Changes for the Hall of Fame Veteran’s Committees

As the Hall of Fame readied for its big day on Sunday, officially inducting Mike Piazza and Ken Griffey, Jr. into their ranks, Hall of Fame officials made an announcement regarding their Veterans Committees and changes regarding their annual Ford C. Frick Award.

They are now separating the various eras of baseball into categories that will be voted upon in future assemblies of the Veterans Committees in the search for any former player, executive or pioneer who may have been overlooked by the writers and/or past Veterans Committees.

The period between 1950-1969 has now been labeled The Golden Days – in recent years, they had established the years between 1947-1972 as the Golden Era. From 1871 to 1949 is now Early Baseball. From 1970 to 1987 is now Modern Baseball, and from 1988 to the present is now Today’s Game.

Early Baseball elections will be held once every ten years. Golden Days elections will take place once every five years. Modern Baseball twice every five years. And Today’s Game twice every five years.

This does not affect the annual vote by the writers for recent players under consideration.

As stated in the announcement, this is an avenue to have those major league players, managers, umpires, executives, and Negro League players who excelled before 1950 to have their careers reviewed, but with less frequency.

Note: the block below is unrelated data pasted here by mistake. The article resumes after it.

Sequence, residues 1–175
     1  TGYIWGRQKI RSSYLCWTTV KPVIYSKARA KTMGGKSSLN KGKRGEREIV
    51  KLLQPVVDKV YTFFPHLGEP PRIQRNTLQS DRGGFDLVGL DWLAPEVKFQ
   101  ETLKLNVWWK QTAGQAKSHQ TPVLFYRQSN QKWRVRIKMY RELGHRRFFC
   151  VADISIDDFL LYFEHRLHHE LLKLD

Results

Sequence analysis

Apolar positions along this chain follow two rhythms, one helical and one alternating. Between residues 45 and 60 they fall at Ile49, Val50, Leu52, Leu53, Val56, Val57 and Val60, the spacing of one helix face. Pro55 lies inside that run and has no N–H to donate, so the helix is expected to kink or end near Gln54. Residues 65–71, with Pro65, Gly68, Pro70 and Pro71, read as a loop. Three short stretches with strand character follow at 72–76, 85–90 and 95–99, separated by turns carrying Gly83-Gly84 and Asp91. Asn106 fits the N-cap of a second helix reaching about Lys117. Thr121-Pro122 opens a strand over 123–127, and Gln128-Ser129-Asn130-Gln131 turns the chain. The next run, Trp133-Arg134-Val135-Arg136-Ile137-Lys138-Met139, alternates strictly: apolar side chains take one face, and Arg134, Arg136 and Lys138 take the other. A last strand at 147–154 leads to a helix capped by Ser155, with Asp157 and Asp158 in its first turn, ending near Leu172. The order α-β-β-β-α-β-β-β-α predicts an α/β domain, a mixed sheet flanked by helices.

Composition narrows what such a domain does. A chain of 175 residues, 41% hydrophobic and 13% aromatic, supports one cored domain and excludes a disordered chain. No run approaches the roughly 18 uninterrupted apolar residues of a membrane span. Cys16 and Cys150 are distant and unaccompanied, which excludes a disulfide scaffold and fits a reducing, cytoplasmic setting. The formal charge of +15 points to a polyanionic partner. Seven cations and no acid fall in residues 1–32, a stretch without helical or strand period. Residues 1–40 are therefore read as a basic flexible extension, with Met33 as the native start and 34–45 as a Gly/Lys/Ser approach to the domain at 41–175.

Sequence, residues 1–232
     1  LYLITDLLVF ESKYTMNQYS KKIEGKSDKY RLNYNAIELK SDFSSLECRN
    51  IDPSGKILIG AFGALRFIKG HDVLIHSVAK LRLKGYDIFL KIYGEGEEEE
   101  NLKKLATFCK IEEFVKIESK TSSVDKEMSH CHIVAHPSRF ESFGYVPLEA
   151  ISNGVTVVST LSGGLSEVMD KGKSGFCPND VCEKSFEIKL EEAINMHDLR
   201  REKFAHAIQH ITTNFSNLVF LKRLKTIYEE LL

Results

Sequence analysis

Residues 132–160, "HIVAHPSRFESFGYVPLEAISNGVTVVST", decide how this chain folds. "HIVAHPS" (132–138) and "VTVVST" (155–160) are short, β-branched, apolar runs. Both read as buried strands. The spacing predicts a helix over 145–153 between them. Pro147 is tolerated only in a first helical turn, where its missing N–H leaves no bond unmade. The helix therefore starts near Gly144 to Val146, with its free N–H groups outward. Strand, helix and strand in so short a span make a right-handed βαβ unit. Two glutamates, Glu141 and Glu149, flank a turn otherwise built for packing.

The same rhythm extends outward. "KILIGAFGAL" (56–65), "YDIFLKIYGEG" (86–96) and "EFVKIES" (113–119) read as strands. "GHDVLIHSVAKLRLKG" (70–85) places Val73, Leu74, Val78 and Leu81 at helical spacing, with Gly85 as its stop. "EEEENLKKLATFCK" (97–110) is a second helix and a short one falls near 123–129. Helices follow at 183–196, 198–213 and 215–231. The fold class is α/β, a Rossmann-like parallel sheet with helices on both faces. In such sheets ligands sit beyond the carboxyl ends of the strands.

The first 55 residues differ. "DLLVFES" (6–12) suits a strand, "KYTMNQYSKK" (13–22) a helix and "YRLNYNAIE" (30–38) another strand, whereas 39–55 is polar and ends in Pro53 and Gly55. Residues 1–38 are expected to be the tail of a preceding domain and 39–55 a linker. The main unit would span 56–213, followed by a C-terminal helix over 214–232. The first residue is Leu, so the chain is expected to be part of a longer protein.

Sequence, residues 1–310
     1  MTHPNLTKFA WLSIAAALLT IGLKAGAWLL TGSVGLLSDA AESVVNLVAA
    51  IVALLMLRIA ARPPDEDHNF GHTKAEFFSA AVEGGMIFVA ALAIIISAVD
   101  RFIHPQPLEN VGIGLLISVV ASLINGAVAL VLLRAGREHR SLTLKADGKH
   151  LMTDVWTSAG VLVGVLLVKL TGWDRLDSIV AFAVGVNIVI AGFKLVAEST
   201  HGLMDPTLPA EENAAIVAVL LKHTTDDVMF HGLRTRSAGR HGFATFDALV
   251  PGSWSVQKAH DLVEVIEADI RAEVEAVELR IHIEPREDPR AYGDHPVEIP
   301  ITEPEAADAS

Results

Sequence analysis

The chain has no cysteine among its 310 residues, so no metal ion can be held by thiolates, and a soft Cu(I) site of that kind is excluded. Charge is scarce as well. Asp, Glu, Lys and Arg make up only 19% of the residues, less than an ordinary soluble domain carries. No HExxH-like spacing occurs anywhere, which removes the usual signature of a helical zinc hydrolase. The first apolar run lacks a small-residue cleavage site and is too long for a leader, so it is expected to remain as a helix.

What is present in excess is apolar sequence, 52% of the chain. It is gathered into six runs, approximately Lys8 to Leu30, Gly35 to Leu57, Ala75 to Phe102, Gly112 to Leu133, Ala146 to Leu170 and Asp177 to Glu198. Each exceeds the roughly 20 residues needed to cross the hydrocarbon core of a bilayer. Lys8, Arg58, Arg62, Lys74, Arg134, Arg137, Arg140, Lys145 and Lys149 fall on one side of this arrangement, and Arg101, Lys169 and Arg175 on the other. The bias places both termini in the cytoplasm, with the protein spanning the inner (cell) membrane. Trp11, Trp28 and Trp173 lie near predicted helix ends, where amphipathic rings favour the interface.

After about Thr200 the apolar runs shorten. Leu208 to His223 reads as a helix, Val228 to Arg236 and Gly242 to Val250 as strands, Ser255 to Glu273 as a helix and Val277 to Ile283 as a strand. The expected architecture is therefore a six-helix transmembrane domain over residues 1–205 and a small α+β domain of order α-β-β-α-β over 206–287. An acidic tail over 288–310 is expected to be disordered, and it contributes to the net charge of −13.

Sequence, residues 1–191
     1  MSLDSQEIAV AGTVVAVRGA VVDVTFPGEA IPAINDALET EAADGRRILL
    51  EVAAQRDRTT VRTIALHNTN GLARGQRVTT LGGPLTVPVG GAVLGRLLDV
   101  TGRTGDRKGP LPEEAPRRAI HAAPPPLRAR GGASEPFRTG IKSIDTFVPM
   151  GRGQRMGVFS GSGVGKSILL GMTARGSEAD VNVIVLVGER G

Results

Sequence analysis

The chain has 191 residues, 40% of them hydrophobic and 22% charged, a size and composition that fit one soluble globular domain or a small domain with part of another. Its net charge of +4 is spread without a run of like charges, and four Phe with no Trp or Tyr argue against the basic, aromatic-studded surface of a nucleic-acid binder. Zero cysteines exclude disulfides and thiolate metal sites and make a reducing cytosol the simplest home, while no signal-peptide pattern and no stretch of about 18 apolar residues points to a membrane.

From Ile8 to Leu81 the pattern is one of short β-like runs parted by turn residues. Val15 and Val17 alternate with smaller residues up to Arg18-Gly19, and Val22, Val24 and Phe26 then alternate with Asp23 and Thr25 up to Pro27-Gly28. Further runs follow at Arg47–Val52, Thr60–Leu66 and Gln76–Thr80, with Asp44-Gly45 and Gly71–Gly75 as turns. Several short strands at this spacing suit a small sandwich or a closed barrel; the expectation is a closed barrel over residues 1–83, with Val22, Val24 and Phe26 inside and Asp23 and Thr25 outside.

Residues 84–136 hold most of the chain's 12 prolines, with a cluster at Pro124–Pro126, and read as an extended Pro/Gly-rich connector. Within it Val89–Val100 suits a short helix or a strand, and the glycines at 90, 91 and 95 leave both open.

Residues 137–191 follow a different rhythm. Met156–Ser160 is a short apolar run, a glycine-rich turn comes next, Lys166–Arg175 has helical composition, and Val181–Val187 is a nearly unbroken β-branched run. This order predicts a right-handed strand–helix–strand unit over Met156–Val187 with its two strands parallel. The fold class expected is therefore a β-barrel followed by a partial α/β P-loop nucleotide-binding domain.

“Notably,” proclaimed Hall of Fame Chairman of the Board Jane Forbes Clark, “there are twice as many players in the Hall of Fame who debuted before 1950 as compared to afterward, and yet there are nearly double the eligible candidates after 1950 than prior. Those who served the game long ago and have been evaluated many times on past ballots will now be reviewed with less frequently.”

Another tweak to the process raised the age at which active executives can have their careers reviewed and considered for enshrinement. Previously, the age for consideration was 65. It is now 70.

In addition, recent players who had been considered by the writers but who failed to achieve the necessary 75% of ballots submitted for election no longer have to wait to be considered by the Eras Committees. They are now eligible to be considered the following year.

Changes to the Ford C. Frick Award, which recognizes preeminent baseball broadcasters prior to 1978 now will be acknowledged for their “commitment to excellence, quality of broadcasting abilities, reverence within the game, popularity with the fans, and recognition by peers.”

That all translates to now any current or former broadcaster worthy of election, “put him in.”

They also announced that the ballot of broadcasters to be considered has been reduced from ten to eight, but really, what does that matter when you’re only going to elect one guy per year. But the disturbing aspect affecting changes to this award was that the three ballot slots previously determined by fan voting on Facebook will now be filled by a committee of historians.

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